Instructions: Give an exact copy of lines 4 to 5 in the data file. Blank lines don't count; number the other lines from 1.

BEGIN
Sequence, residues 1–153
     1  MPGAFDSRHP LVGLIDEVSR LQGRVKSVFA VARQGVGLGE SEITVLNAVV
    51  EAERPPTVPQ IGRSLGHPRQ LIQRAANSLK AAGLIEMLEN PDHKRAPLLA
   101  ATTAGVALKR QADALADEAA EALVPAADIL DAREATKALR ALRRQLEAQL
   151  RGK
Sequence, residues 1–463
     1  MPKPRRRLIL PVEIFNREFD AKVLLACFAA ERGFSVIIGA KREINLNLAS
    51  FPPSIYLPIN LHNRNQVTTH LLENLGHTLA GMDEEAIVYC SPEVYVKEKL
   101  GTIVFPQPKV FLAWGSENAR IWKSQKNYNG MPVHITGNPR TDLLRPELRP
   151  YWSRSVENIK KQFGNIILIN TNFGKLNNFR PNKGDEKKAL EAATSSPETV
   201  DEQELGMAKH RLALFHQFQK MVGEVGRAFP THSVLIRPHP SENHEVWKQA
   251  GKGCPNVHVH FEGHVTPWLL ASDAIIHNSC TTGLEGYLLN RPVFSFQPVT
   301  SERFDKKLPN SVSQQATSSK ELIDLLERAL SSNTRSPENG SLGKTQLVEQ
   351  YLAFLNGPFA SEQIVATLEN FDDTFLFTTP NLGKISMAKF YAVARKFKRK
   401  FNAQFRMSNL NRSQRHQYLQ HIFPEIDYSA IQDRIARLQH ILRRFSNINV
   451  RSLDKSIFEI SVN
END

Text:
   101  ATTAGVALKR QADALADEAA EALVPAADIL DAREATKALR ALRRQLEAQL
   151  RGK